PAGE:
“The count is three to one [in terms of Democrats to Republicans] in every area except maybe Damascus,” Shalleck said. “We maintained seven of the nine sites that were set by a Democratic-majority board. It was not political. But if we wanted to be political we could’ve by a 3 to 2 vote moved more Democratic sites like Silver Spring and Wheaton, but we did not.”

The list of 17 possible sites also included the Bethesda-Chevy Chase Regional Services Center, the county government building steps away from the Bethesda Metro station.

With the removal of the Lawton Center as an early voting site, the only early voting site inside the Capital Beltway in 2016 will be the Silver Spring Civic Building in downtown Silver Spring. Other unchanged sites include a recreation center in the Layhill area of Silver Spring, the Executive Office Building in Rockville, the Germantown Community Recreation Center and the Activity Center at Bohrer Park in Gaithersburg.


All registered Montgomery County voters are allowed to vote at any of the nine early voting sites. But statistics show the likelihood of a registered voter voting early decreases based on his or her distance from an early voting site.

Montgomery County went from five early voting sites to nine for the first time before the 2014 gubernatorial primary.

The Marilyn J. Praisner site, located in Burtonsville near Route 29, had the second most early voters with 4,988 before the 2014 general election and the third most early voters with 2,324 before the 2014 primary election.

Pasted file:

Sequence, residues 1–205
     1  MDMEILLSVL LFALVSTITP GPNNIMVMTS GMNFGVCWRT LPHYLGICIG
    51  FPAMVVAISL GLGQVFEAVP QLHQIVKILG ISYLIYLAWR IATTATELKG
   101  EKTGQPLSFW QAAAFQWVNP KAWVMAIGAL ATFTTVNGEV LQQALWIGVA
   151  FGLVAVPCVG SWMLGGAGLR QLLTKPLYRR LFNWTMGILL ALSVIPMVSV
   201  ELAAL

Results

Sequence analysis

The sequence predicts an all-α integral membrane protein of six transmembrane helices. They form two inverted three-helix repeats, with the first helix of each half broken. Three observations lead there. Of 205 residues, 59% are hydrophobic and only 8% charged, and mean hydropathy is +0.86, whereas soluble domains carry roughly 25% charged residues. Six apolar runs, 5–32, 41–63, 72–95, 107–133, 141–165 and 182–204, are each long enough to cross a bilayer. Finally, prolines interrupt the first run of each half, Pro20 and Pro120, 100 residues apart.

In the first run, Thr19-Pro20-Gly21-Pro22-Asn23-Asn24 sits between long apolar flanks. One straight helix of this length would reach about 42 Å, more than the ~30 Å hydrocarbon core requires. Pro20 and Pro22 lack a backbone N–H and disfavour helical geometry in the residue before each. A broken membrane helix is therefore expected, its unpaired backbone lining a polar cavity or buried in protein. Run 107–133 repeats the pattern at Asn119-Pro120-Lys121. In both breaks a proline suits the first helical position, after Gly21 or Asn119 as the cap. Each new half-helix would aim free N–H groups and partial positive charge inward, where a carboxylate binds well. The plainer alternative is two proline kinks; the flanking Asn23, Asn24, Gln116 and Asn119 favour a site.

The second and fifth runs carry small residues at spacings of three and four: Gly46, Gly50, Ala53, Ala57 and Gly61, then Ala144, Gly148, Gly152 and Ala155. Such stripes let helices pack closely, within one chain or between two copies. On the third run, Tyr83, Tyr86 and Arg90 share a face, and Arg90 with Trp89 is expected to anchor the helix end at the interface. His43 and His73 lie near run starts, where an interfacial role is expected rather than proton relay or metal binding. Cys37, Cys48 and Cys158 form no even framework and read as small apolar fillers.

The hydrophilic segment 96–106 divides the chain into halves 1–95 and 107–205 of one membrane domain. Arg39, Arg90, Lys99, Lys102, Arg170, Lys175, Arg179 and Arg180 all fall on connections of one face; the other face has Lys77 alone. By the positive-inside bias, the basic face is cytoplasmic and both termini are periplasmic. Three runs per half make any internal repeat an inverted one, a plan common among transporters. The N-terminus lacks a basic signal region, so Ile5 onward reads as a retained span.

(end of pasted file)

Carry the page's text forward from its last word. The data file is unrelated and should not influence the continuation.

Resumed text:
The Silver Spring Civic Building was the most popular early voting site before both the 2014 general and 2014 primary elections, with 4,988 voters and 3,961 voters, respectively. The Executive Office Building in Rockville was the second most popular early voting center with 2,506 voters before the 2014 primary.

The Lawton site in Chevy Chase was the fifth most popular site before the 2014 primary with 2,187 votes and the seventh most popular site before the 2014 general with 3,355 votes.

The least popular site before both elections was the Damascus Community Recreation Center, which attracted just 1,468 voters before the general and 518 voters before the primary.


Shalleck didn’t specify why the sites in Burtonsville and Chevy Chase were chosen to be replaced.

“It’s so sad that it’s come to this,” said County Council member Nancy Floreen on Tuesday. “This could become such a political act in an environment where we tried so hard to take it out of the world of politics.”

Council member Tom Hucker, who represents Silver Spring, called the decision “naked voter suppression that will make it harder for thousands of working families and minorities in my district to exercise their right to vote.”


Council member Roger Berliner, who represents Bethesda and Chevy Chase, said “the Potomac location is more residential, further away from the Bethesda urban core, and poses a challenge to access the location during the weekday daytime.”

Pat Murray, executive director of the Maryland Democratic Party, tried to peg some of the blame for the decision on Hogan.

“More than 8,000 people voted at the Lawton and Praisner rec centers last November, and Larry Hogan’s Republican Party just made it harder for them to vote next year,” Murray said in a statement. “Larry Hogan’s strategy is clear: If you can’t beat ’em, cheat ’em. That’s not change. That’s politics as usual.”


Early voting for the April 26 primary election is set to run from April 14-21, with close Democratic battles for U.S. Senate and the 8th congressional district expected. A competitive race is also expected for the Republican nomination in the 6th congressional district now led by Democratic Rep. John Delaney.

The newly selected Potomac Community Recreation Center could prove to be a key early voting site for that district.